The Walbrook, one of the lost rivers flowing beneath London’s streets, is a time capsule of Roman Londinium. For over 170 years, archaeologists have dug astonishingly well-preserved artefacts of the ancient city out of the waterlogged earth of the stream. A new display at the Museum of London, Working the Walbrook, uses this collection of tools and other everyday objects to examine what life was like for ordinary Roman Britons. Let’s hear from Owen Humphreys, whose research underpins the display.
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The story of London Tweed
So this is how the story goes. In 1826 a London merchant decides to buy some cloth from a weaver in Hawick, a town in the Scottish borders famous for its cloth production. Very happy with his order, he decides to get some more but – crucially – misreads the weaver’s dashed handwriting. Instead of ‘twill’ this Londoner reads ‘tweed’, and assumes this new cloth must take after the River Tweed which runs fast and clear through the textile areas of lower Scotland. ‘Tweed’ and not ’twill’ has been the term used ever since.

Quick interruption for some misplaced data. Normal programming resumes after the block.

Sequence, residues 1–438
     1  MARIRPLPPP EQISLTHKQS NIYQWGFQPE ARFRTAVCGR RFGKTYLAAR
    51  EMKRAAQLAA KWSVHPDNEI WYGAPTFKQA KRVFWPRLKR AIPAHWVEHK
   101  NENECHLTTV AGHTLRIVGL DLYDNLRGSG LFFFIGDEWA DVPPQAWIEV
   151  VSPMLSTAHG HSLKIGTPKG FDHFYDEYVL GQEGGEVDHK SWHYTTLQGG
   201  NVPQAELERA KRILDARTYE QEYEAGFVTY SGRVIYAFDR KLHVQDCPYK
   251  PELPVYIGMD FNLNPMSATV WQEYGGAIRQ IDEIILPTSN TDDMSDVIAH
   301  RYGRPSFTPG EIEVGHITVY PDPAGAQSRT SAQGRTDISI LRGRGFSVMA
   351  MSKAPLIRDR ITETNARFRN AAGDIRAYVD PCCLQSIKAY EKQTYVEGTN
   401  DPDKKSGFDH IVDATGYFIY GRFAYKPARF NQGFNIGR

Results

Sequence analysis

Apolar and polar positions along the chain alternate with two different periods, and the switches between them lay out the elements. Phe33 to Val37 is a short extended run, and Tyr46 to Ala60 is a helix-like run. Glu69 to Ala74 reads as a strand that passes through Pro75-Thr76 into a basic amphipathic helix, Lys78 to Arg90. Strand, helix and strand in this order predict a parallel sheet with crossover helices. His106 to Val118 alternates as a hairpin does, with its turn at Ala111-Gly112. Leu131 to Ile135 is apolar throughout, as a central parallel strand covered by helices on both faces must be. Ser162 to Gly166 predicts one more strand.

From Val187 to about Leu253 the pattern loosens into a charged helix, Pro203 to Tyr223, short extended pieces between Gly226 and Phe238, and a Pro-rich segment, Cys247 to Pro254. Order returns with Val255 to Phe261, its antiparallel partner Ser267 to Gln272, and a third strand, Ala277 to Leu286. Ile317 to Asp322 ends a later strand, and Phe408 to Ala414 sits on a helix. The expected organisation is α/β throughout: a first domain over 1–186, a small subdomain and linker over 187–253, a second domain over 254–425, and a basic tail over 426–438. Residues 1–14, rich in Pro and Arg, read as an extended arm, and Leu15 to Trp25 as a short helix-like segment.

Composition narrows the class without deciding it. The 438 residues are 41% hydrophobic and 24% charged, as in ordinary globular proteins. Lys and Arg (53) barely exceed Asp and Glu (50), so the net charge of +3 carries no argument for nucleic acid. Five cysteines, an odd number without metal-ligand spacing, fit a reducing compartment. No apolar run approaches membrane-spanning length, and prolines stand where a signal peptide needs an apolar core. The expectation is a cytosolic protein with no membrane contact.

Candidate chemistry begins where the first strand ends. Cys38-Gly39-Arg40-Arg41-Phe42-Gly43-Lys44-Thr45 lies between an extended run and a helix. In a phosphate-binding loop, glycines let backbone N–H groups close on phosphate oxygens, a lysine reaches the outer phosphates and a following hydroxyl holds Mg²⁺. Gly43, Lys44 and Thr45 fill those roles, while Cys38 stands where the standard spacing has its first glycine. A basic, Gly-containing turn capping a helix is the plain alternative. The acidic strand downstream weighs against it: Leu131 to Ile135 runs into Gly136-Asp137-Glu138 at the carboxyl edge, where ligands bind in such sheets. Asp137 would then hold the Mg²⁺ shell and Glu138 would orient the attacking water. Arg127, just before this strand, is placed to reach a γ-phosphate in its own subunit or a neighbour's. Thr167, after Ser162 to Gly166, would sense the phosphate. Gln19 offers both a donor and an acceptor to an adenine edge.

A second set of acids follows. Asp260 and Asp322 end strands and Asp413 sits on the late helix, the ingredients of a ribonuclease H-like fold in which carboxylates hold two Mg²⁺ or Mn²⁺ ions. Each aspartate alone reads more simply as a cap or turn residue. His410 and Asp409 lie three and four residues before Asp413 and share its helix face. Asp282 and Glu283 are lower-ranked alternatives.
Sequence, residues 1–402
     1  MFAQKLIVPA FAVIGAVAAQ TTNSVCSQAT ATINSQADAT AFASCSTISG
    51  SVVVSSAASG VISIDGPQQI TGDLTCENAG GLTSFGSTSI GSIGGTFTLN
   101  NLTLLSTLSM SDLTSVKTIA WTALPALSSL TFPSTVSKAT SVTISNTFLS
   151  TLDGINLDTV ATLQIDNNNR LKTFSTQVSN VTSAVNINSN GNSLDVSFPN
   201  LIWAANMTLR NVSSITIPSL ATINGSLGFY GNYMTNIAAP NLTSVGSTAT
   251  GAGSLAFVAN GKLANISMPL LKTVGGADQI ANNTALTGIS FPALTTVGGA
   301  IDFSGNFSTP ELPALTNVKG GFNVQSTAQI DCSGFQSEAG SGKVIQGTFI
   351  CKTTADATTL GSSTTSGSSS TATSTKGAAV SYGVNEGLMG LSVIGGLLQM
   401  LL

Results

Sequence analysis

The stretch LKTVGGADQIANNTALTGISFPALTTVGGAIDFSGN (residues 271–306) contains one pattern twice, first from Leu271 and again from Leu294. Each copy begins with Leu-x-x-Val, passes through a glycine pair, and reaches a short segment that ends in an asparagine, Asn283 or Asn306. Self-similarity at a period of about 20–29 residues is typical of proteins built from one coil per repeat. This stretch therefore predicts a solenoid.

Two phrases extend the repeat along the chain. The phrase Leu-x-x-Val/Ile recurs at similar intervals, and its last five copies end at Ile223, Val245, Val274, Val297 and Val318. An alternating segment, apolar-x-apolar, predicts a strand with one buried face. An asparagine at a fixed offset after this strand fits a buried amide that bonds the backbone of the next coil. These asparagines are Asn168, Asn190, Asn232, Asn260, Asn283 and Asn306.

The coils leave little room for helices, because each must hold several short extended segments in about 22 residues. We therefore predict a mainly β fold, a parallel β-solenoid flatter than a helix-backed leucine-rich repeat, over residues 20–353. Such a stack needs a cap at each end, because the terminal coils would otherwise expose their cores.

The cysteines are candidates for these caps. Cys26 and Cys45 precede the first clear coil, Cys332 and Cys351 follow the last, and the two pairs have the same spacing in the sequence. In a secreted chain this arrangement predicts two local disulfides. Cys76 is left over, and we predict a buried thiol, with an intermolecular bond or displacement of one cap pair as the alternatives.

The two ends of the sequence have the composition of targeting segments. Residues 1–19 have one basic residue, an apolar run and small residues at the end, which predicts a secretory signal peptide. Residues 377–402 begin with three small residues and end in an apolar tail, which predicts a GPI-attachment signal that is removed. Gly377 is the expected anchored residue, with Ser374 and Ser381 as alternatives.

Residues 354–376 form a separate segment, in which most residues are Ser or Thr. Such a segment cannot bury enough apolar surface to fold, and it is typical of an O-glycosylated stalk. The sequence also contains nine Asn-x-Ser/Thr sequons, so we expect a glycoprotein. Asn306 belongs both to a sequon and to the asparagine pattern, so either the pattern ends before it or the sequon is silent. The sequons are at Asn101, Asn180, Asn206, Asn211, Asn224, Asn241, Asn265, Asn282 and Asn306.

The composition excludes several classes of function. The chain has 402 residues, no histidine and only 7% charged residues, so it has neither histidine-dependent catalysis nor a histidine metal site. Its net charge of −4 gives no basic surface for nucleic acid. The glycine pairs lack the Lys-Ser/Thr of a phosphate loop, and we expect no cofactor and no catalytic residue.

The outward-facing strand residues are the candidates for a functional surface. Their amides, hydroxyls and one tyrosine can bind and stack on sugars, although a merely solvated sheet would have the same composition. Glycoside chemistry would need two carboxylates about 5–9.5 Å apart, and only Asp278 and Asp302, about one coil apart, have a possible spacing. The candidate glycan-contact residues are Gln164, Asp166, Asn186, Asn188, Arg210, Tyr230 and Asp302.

Christina Broom: A pioneering photographer
It is almost a year now since I first laid eyes on an extraordinary private collection of photographs by Christina Broom.
I Love You…I Love You Not: Victorian Valentine’s Day cards
When the Uniform penny post rocked up in 1840, it completely revolutionised the way in which people communicated. Sending letters and cards, such as those celebrating Valentine’s Day, became easier and cheaper and as a result a thriving business developed in central London.